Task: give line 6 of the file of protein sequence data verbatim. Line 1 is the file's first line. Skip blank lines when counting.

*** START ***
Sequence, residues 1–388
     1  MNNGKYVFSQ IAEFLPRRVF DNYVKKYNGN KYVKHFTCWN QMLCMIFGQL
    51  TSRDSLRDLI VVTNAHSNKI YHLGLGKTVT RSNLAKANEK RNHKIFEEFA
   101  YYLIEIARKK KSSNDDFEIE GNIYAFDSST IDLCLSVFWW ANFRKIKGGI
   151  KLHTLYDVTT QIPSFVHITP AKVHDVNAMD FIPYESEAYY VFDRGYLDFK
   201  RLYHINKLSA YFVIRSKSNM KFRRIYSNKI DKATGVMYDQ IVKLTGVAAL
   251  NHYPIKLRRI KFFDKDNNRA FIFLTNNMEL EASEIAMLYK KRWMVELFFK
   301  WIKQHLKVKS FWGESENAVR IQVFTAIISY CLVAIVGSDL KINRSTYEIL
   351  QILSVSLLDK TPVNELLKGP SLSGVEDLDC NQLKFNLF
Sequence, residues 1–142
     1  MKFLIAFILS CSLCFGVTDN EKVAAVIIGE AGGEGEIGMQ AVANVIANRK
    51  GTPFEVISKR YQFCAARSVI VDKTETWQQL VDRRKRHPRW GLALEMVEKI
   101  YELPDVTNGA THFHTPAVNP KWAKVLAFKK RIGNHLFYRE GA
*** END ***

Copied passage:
   201  RLYHINKLSA YFVIRSKSNM KFRRIYSNKI DKATGVMYDQ IVKLTGVAAL